$117 million: The amount of money the Indians have spent in free agency this winter. Last winter, the Indians spent $3 million on signing new free agents—aside from re-signing Grady Sizemore, the Tribe’s offseason shopping list started and ended with Casey Kotchman. This offseason the Indians opened their wallets for Nick Swisher, then came out of nowhere to sign Michael Bourn. After years of Cleveland fans complaining about the Dolans’ spending habits (or lack thereof), there’s no question that this team is in business.
25-55: The Indians’ record over the final 80 games of the season. Thanks to a series of unforeseeable worst-case scenarios from more than a few of the team’s key players — literally half the roster performed far worse than anyone could have reasonably expected — the Tribe’s second half was excruciating to watch. Even without the tremendous offseason roster overhaul engineered by Chris Antonetti & Co., this team was bound to be significantly better in 2013 just by virtue of regression to the mean.
2012 Season in Review
The Indians stormed out of the gate and held first place in the weak AL Central as late as June 23, but a vicious cycle of injuries, slumps, and clubhouse torpor led to a miserable second half that saw the Tribe lose 11 games in a row, then lose nine games in a row. It wasn’t a fun end of the summer in Cleveland.
Key Offseason Moves
Hired Terry Francona: Managers may be somewhat overrated in their impact on a clubhouse, but the difference Francona has made for the Tribe before he’s even managed a game has been staggering. His energy and enthusiasm are a welcome change from Manny Acta, and his gravitas has made Cleveland a more attractive destination for free agents.
Traded Shin-Soo Choo, et al for Trevor Bauer, Drew Stubbs, Matt Albers, and Bryan Shaw: This was the deal that started at all. Shin-Soo Choo was a fan favorite and it was tough to see him go, but he was all but gone after 2013 anyway. In return, Cleveland snagged one of the best pitching prospects in the game, a great defensive outfielder, and two solid relievers. In a vacuum I would have been fine trading Choo for Stubbs straight-up because of Stubbs’ longer team control, so to get Bauer (and Shaw, who could be the hidden gem of this deal) out of the deal too was highway robbery.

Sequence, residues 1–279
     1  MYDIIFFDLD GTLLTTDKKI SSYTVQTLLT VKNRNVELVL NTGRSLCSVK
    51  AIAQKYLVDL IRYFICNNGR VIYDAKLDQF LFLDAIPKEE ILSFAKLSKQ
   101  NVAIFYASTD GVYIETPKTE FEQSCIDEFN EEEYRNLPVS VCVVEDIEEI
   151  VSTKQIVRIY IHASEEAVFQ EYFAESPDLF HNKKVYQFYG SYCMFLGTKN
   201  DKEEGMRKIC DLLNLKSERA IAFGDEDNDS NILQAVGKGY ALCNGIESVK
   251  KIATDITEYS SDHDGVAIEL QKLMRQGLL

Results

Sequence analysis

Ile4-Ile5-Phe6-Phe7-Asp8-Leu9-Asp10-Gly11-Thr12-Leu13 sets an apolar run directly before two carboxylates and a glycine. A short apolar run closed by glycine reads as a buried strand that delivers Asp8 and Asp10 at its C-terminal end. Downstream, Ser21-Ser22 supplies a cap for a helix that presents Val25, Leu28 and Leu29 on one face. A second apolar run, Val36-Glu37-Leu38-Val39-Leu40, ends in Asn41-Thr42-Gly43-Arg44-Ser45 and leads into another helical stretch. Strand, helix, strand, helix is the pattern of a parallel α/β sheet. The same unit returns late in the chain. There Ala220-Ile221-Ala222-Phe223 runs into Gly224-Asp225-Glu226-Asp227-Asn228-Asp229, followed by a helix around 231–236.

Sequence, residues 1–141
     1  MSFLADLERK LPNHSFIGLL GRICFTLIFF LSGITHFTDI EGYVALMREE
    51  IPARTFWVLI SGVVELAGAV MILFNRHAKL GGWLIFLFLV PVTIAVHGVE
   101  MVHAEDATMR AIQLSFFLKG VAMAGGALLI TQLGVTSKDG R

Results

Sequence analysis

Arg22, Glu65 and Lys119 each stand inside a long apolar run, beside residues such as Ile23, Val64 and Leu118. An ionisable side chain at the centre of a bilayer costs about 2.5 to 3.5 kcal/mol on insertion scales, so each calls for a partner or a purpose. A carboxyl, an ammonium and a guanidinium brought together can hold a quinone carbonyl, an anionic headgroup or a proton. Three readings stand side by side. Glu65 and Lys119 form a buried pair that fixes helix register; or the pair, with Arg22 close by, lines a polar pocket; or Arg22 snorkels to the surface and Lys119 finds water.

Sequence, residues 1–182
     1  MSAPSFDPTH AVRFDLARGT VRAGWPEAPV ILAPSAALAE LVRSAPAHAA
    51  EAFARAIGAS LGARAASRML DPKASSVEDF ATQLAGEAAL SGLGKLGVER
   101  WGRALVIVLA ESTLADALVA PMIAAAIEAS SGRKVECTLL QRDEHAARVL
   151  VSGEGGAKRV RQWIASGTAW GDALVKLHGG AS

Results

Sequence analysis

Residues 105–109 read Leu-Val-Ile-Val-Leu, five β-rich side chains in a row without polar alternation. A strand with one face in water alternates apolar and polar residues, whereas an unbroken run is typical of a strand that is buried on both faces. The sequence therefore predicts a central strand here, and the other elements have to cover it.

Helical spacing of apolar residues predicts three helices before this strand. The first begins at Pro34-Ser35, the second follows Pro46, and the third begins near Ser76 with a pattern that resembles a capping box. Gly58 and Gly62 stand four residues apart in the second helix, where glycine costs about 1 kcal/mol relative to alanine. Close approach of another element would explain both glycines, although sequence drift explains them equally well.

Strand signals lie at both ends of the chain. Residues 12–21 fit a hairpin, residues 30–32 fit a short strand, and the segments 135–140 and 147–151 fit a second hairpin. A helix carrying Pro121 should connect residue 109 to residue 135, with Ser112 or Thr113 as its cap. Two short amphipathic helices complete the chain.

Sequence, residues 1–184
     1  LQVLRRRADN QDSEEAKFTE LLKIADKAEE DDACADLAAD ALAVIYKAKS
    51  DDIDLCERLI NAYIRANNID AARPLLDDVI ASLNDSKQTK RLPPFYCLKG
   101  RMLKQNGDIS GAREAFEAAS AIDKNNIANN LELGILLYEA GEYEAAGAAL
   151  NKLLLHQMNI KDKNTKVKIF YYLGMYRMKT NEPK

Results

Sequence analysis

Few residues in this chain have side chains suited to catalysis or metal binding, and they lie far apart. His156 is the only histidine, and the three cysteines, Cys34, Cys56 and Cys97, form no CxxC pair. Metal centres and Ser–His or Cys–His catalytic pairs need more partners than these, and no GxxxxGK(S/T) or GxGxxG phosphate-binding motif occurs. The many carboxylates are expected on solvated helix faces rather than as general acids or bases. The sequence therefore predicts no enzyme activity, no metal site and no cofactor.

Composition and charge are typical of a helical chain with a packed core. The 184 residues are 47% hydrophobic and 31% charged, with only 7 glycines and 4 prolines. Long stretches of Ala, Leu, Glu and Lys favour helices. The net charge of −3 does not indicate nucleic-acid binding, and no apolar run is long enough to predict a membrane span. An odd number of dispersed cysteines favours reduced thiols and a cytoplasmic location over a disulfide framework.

Signed Nick Swisher to a four-year, $56 million deal: If the Choo trade was the prelude to the Tribe’s new direction, the Swisher deal was the coming out party. After striking out with Shane Victorino, the Indians wooed the former Buckeye to the shores of Lake Erie with the promise that he could be a star in Cleveland. Now the Indians have some real security at first base for the first time since Jim Thome.
Signed Michael Bourn to a four-year, $48 million deal: As friends and families sit down for their Passover seders tonight, they will sing "Dayenu"—Hebrew for "it would have been enough." As in: If the Indians had acquired Swisher, Bauer, Stubbs, Albers, Shaw, Mark Reynolds, Brett Myers, Mike Aviles, and Scott Kazmir but not Michael Bourn, dayenu. Putting aside the huge on-field benefit of adding a four-to-six-win player to an already formidable lineup, the team bought itself invaluable goodwill from the fans for making the kind of aggressive move small-market clubs supposedly can only dream of.
Despite the flurry of activity out of Cleveland this offseason, the roster looks pretty stable. We could see some roster shuffling for the bench and bullpen and there are a number of rotation options waiting in Triple-A Columbus if one of the team’s many questionable starting pitchers falters, but there won’t be any huge surprises in the lineup come Opening Day.
The Indians were a far better team than they looked down the stretch in 2012 and they made some massive improvements for 2013, yet for some reason consensus is that they’re somewhere around a .500 team. We’re looking at one of the best lineups in the league, a phenomenal defense, and a pitching staff with far more upside and depth than most fans seem to realize. They’re probably the second-best team in the division and they have a real (if outside) shot at a playoff berth.
The Indians' front office and coaching staff will combine to win more end-of-season awards than the players.